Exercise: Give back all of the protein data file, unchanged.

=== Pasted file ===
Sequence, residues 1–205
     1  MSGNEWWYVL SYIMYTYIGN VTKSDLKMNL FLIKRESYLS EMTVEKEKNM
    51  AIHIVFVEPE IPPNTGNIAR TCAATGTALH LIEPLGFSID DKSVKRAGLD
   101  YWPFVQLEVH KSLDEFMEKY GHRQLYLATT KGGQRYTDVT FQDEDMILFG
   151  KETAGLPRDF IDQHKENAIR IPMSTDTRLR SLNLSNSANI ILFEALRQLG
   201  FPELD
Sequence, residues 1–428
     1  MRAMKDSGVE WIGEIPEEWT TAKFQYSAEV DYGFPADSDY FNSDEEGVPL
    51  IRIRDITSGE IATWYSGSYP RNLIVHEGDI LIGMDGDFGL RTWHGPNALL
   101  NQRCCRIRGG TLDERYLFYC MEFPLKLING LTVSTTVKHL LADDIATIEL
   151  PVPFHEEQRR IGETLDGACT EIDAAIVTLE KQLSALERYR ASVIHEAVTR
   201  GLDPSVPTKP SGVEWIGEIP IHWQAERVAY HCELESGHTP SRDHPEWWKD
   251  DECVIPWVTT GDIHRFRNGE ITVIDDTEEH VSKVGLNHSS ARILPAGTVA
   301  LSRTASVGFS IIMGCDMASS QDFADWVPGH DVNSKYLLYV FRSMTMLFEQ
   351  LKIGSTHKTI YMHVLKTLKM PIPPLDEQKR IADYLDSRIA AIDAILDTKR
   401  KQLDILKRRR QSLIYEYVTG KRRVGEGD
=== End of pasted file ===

Sequence, residues 1–205
     1  MSGNEWWYVL SYIMYTYIGN VTKSDLKMNL FLIKRESYLS EMTVEKEKNM
    51  AIHIVFVEPE IPPNTGNIAR TCAATGTALH LIEPLGFSID DKSVKRAGLD
   101  YWPFVQLEVH KSLDEFMEKY GHRQLYLATT KGGQRYTDVT FQDEDMILFG
   151  KETAGLPRDF IDQHKENAIR IPMSTDTRLR SLNLSNSANI ILFEALRQLG
   201  FPELD
Sequence, residues 1–428
     1  MRAMKDSGVE WIGEIPEEWT TAKFQYSAEV DYGFPADSDY FNSDEEGVPL
    51  IRIRDITSGE IATWYSGSYP RNLIVHEGDI LIGMDGDFGL RTWHGPNALL
   101  NQRCCRIRGG TLDERYLFYC MEFPLKLING LTVSTTVKHL LADDIATIEL
   151  PVPFHEEQRR IGETLDGACT EIDAAIVTLE KQLSALERYR ASVIHEAVTR
   201  GLDPSVPTKP SGVEWIGEIP IHWQAERVAY HCELESGHTP SRDHPEWWKD
   251  DECVIPWVTT GDIHRFRNGE ITVIDDTEEH VSKVGLNHSS ARILPAGTVA
   301  LSRTASVGFS IIMGCDMASS QDFADWVPGH DVNSKYLLYV FRSMTMLFEQ
   351  LKIGSTHKTI YMHVLKTLKM PIPPLDEQKR IADYLDSRIA AIDAILDTKR
   401  KQLDILKRRR QSLIYEYVTG KRRVGEGD